Edmonton councillors condemn Quebec’s religious symbols law, stand in support of legal challenge

Community members packed the River Valley Room at City Hall where council’s executive committee expressed their support for the legal challenge of Quebec’s Bill 21. Photo by Shaughn Butts/Postmedia Shaughn Butts / Postmedia

Edmonton city councillors are taking a stand against “rights being trampled upon” under Quebec’s controversial Bill 21 and showing their support for communities in fear of similar laws spreading across the country.

Residents from all walks of life and representing several community groups poured into city hall Thursday afternoon to voice the need for Edmonton to stand against Quebec’s new legislation prohibiting public sector employees from wearing religious symbols.

Having to choose between faith and employment should never be on the table, speaker Harman Kandola told councillors in front of a packed room including about 20 students from a local private school.

“How can we be turning the clock back now?” questioned Kandola who serves as Alberta’s vice president on the World Sikh Organization of Canada. “It’s crucial for us to know there is solidarity from our political leaders on these issues and standing up for the Charter of Rights and Freedoms.”

Mayor Don Iveson and the four councillors on the executive committee unanimously backed the condemnation of Bill 21 and the call to stand in support of the legal challenge currently underway.

“To have fundamental rights overridden in blatant disregard for the values and multiculturalism and pluralism that are at the core of my love for this country is offensive,” said a passionate Iveson. “We’ll have an opportunity to send a very strong message of solidarity to all Canadians who believe in those fundamental rights that what has happened in Quebec with the passage of this law is wrong.”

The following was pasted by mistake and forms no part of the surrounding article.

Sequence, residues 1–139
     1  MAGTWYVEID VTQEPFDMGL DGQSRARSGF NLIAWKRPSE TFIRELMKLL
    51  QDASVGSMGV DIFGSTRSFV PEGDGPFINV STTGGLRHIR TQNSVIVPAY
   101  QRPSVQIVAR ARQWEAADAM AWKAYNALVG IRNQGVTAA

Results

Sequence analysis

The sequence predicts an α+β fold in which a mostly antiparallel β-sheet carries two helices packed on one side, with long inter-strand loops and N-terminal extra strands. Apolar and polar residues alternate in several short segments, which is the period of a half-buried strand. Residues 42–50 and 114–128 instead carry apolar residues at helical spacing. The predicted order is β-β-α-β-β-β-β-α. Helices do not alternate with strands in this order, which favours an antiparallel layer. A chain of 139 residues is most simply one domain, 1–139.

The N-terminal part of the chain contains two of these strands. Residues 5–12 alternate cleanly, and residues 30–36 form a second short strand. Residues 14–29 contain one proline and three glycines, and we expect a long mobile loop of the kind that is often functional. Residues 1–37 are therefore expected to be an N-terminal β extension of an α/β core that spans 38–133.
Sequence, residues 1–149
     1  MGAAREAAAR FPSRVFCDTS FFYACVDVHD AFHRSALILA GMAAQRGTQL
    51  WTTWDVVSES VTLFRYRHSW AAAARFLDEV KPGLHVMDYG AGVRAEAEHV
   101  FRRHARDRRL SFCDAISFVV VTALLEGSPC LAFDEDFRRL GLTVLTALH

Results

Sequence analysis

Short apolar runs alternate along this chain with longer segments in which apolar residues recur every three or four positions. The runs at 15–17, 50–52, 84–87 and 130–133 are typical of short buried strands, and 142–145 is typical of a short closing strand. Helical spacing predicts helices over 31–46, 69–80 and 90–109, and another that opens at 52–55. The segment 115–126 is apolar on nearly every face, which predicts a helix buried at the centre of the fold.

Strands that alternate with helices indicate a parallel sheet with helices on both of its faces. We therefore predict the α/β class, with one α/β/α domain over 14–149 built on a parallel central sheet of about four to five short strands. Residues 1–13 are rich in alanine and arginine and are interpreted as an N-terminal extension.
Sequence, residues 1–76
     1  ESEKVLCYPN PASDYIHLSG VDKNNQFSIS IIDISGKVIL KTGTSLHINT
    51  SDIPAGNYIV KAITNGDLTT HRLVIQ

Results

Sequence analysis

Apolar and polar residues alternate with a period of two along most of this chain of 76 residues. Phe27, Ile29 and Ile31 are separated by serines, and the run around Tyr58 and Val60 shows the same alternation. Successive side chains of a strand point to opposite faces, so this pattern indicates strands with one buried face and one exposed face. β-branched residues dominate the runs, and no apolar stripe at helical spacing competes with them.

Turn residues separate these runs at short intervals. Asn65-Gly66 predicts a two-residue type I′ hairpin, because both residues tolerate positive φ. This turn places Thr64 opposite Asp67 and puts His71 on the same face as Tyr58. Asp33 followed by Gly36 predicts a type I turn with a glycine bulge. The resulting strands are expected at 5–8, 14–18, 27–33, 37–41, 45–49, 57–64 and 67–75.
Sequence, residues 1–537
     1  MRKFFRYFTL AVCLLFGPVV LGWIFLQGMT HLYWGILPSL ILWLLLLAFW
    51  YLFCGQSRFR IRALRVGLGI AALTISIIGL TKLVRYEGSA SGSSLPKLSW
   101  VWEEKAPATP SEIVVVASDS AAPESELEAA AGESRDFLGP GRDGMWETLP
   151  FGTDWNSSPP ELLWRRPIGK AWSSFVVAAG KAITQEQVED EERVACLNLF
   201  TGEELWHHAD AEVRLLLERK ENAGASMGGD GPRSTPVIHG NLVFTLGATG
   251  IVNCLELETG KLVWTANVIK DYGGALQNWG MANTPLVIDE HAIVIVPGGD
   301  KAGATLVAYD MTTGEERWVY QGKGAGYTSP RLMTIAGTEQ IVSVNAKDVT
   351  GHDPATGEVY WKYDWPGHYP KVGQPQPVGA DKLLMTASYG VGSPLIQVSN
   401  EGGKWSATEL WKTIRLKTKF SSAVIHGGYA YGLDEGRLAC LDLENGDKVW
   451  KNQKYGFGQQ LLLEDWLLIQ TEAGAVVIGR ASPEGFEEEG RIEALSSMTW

Although largely symbolic, Kandola said it’s important for Edmonton’s leaders to take a stand against discrimination or it could worsen. He said the ruling in Quebec has been traumatic for Muslim and Sikh communities across the country and increased fear of intolerance.

“If you don’t challenge legitimacy of the law, if you don’t challenge what has now been legislated, you’ll lead to the normalization of a lot of that,” he said. “I think a lot of younger people are starting to feel this rise of intolerance.”

Edmontonians shared stories with councillors of being spit on or yelled at in public because of their identity.

Adil Hasan with the Alberta Muslim Public Affairs Council remembers his mother needing to explain to him why someone was being rude in a grocery story because of what she was wearing.

“Her hijab is part of her identity and how she views herself and having someone question you as a human about why you wear that is extremely troubling,” he said.

For Coun. Scott McKeen, who brought the motion forward, the stand against Bill 21 is a declaration against discrimination in the city and an affirmation of values.

“All newcomers are welcome in Edmonton, all faiths are welcome here. End of story,” he said.

All city councillors will vote on the motion next Tuesday.